Photo: Russel Watkins, DFID
Moving Beyond Aid to Eradicate Extreme Poverty
With the agreement of the Sustainable Development Goals (SDGs), the world has a unique opportunity to set future development policy for a generation. These goals will stimulate action over the next fifteen years in areas of critical importance for humanity and the planet, and ensure that no one is left behind.
This is no longer just a question of aid; the development world is changing. We need a revitalised global partnership that brings together governments, civil society and business to support the ambition and spirit of these new goals. There is a growing recognition that a variety of different forms
of funding—domestic resource mobilisation, international public and private finance, external debt and climate finance —need to combine to achieve the necessary scale.
We should not underestimate the significance of the unique global agreement achieved at the UN Financing for Development Summit in Addis Ababa. It was a historic international deal to take us beyond aid, forging agreements such as the Addis Tax Initiative that might have been unthinkable just a few years ago. It recognised the important part developing countries’ own domestic resources have to play in the development architecture. Most importantly the agreement in Addis Ababa was the first ever that allows us to liberate the private sector to provide trade and investment that will deliver tangible benefits for development.
Part of the solution is to invest in growth which benefits the lives of poor people, particularly girls and women who can be so transformational if allowed to fulfil their potential. Implementation needs to be farsighted and sustainable. These are two natural strengths of the private sector, and trade and investment can be a real solution for the kind of progress that the developing world needs.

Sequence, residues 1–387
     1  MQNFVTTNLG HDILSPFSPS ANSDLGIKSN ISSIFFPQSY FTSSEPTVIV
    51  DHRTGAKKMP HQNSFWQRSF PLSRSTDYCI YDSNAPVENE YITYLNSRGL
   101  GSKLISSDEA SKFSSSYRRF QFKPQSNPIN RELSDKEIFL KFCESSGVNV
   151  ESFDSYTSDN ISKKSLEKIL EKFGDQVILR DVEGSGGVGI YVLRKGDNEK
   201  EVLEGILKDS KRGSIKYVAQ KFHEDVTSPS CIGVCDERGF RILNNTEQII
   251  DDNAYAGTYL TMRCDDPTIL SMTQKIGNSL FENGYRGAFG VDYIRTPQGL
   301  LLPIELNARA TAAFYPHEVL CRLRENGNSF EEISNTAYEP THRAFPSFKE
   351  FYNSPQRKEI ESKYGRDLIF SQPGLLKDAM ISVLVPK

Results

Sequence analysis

This is why the Department for International Development
(DFID) recently announced a new investment of capital into CDC, the UK’s development finance institution, to help ensure promising businesses in emerging and frontier economies receive the finance they need to grow and create jobs.
If we want business to be a key player in the solution to the world’s development problems it is only right that they help shape the architecture through which the SDGs are implemented. It is no surprise that companies prefer to operate in countries that are politically and commercially stable—where partnership, entrepreneurship and individual leadership are allowed to flourish. There is a role for donors here. For example, DFID is helping national governments in our partner countries to secure property rights, improve infrastructure, strengthen the investment climate and facilitate trade. We want an active dialogue with the private sector to understand better the constraints to greater levels of investment and trade.
We are looking to a future which harnesses the pioneers and the trailblazers delivering success at the cutting edge, from services delivered via mobile phones to ground-breaking financial products. We also need to challenge the mainstream, utilising the employment opportunities offered by textiles manufacturing or agricultural production to generate more and better jobs. When all companies capitalise on the significant growth opportunities in these markets, not through their corporate social responsibility activities but through their core business aligned with broader systemic change—this can put countries in the developing world on the fast track towards economic growth, the eradication of extreme poverty and the achievement of the SDGs.